An NFL career, while lucrative, proved to have its own set of challenges. Wilson was asked to sign napkins and even breasts, and once was given a lock of a fan’s hair. Despite the pressure of the team, coaches and fan base, Wilson remained a role model.
“I knew I couldn’t mess up,” he says. “All these little kids — what happens when they see me doing something stupid?”
The child who grew up dirt poor with a single parent was now in the position to take care of his own mother. He found relief in ”Seeing the light in my mom’s eyes, knowing she didn’t have to worry about anything at that point.”
Unlike many professional athletes, he used his money wisely and only on his family. He put three cousins through college and threw many a graduation party.
With the larger bank account came added pressure from relatives. He even had money stolen directly from his account by a family member who worked in finance. “I met brothers and cousins I never knew existed, all with new business opportunities,” he says. “I asked one man, ‘Where were you when we couldn’t eat? When our house had no water and our house was 98 degrees?’ ”
It wasn’t much easier on the field. His first game was against Super Bowl champion and future Hall-of-Famer Brett Favre. When he was traded to the Cowboys in 2011, the pressure was immediate when he was given the locker once held by All-Star and Hall-Of-Famer Deion Sanders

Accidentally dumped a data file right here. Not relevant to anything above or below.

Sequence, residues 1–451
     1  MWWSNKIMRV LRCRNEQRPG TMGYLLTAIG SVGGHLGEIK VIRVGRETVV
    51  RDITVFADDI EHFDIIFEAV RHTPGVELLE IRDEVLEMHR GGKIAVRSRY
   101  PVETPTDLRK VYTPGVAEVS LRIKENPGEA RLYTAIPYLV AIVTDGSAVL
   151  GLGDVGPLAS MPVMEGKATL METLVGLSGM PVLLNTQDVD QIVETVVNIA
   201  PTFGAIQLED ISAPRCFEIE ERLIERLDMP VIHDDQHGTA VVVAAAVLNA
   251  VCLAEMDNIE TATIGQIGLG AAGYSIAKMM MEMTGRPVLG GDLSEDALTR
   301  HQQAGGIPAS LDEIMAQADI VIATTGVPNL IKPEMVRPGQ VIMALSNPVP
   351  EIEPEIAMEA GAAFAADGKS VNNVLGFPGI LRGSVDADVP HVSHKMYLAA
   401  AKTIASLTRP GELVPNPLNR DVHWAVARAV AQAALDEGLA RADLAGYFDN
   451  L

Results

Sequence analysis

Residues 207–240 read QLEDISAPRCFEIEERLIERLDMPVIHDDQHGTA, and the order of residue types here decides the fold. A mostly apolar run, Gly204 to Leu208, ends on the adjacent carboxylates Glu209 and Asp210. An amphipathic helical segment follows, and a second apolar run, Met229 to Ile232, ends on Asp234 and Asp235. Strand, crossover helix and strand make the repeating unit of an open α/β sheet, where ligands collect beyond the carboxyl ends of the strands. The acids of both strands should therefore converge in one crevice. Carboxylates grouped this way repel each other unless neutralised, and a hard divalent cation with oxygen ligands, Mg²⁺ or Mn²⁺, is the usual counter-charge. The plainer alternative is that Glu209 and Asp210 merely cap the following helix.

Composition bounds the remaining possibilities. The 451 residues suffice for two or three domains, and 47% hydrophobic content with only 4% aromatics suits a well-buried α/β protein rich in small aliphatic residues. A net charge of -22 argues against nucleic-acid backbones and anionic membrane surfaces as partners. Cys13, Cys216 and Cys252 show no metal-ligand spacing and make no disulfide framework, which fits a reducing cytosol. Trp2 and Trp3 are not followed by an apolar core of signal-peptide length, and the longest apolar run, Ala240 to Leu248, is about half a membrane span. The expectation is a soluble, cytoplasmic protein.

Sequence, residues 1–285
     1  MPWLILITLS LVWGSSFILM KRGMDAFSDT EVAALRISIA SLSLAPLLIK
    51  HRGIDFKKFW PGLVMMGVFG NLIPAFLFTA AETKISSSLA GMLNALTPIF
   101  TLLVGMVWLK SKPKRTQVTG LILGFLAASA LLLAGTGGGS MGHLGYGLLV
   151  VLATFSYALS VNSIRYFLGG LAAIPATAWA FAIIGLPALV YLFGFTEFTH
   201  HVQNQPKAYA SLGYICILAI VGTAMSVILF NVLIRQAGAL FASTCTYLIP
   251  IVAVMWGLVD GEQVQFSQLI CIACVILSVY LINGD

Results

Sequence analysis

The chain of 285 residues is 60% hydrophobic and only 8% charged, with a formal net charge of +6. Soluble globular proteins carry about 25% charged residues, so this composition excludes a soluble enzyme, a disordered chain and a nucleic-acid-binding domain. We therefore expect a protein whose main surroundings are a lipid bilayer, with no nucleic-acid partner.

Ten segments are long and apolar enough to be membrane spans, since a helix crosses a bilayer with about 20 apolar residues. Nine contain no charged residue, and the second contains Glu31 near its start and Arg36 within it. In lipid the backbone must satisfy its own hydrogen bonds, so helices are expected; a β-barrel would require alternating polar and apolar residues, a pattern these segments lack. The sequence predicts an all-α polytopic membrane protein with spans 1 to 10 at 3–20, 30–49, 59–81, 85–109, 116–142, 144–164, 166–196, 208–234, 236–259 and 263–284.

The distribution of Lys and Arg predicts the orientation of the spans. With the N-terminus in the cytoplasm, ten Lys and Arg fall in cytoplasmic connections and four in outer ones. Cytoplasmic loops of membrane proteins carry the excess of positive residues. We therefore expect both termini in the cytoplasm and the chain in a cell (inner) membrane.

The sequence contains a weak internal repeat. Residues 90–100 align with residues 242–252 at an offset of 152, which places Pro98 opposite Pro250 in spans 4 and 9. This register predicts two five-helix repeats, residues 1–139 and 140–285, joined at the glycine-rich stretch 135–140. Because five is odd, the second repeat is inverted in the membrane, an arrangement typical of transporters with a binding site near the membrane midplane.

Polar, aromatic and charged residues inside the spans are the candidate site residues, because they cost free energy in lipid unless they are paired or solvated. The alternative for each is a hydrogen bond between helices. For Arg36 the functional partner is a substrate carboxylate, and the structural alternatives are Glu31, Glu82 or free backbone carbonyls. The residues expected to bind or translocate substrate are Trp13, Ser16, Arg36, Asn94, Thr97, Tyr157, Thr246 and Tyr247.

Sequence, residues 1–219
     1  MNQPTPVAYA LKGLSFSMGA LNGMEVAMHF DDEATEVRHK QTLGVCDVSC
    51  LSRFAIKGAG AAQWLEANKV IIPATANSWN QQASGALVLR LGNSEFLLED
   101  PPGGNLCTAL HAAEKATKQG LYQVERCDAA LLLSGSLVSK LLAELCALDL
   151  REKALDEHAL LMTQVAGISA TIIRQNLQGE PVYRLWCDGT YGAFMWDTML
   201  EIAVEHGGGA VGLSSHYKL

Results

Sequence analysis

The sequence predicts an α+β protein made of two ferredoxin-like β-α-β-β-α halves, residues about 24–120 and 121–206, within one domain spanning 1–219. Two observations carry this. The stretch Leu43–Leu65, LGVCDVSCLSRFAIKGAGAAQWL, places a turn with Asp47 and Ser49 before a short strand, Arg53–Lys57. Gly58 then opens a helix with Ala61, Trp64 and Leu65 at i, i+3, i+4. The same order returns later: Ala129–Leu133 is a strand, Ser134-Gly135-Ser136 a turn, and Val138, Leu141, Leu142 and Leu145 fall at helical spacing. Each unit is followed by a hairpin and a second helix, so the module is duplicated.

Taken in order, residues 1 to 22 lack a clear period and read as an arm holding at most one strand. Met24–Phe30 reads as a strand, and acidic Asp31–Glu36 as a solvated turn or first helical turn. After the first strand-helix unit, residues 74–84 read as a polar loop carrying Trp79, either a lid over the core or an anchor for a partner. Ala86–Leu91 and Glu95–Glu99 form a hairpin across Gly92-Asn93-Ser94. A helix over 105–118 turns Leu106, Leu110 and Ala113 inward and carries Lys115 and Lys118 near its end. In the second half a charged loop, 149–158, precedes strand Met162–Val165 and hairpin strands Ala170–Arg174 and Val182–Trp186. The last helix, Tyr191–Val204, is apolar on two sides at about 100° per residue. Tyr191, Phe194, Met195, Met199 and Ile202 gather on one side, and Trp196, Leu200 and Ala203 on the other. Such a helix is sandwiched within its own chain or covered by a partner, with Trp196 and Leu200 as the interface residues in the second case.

When his wife became pregnant, Wilson changed. He didn’t want his daughter to see him as a football player but rather as her father. Following his NFL career, Wilson went back to Baylor to finish his degree, where he was on the dean’s list and majored in history. He was the first Baylor Football Legend named in the new stadium at Waco.
After graduation, he returned to Dallas to fulfill his lifelong dream of coaching youth football. When word got out, he was recruited once again, fielding more than 40 phone calls from schools interested in locking him down. It was Kyle Richardson, the former Woodrow principal, who wooed Wilson into picking the Wildcats.
“Coaching is always what I wanted to do,” he says.
He loves his job, made clear when he turned down a coaching position with the Chicago Bears to stay at Woodrow. “I feel like I have 200 sons and daughters. They come to you and they share stuff they are afraid to tell their parents,” he says.
Travis West, a rising senior receiver and defensive back at Woodrow, has thrived under Wilson’s coaching style. “Coach Wilson has taught me that true greatness is inside me. He has taught me how to be the best me when I play,” West says.
“Coach Wilson has taught me how to approach all my issues in life differently.”
While Wilson expects this season to be “epic” with his sights firmly set on the state championship, he isn’t just about football. Faith has always been a guiding force.
He recently penned the book “Biblical Black History,” highlighting the unsung roles of black men and women throughout time from a Biblical perspective. He spends much of his off-time traveling to different churches to speak.
Wilson also has reveled in the chance to be the father he never had. He and his college sweetheart, Caryn, welcomed daughter Cara two years ago.
“My daughter is terrible and I love it,” he says of her frequent shenanigans. “She can always come home to daddy. The first time I heard ‘daddy,’ I cried.”
While football has defined much of his professional life, he hopes it never defines him.
“The game changed my life, it didn’t become it,” he says.
“I never wanted to be seen as a good football player. I want to be seen as a good man.”